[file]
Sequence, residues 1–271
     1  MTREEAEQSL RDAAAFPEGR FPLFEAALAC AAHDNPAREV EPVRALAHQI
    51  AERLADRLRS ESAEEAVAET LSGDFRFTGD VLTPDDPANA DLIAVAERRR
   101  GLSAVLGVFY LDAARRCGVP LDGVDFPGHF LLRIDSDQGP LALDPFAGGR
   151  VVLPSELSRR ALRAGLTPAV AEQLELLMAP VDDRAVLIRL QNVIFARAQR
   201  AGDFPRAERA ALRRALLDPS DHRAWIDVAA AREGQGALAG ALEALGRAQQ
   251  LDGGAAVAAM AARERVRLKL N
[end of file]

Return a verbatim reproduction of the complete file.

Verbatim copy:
Sequence, residues 1–271
     1  MTREEAEQSL RDAAAFPEGR FPLFEAALAC AAHDNPAREV EPVRALAHQI
    51  AERLADRLRS ESAEEAVAET LSGDFRFTGD VLTPDDPANA DLIAVAERRR
   101  GLSAVLGVFY LDAARRCGVP LDGVDFPGHF LLRIDSDQGP LALDPFAGGR
   151  VVLPSELSRR ALRAGLTPAV AEQLELLMAP VDDRAVLIRL QNVIFARAQR
   201  AGDFPRAERA ALRRALLDPS DHRAWIDVAA AREGQGALAG ALEALGRAQQ
   251  LDGGAAVAAM AARERVRLKL N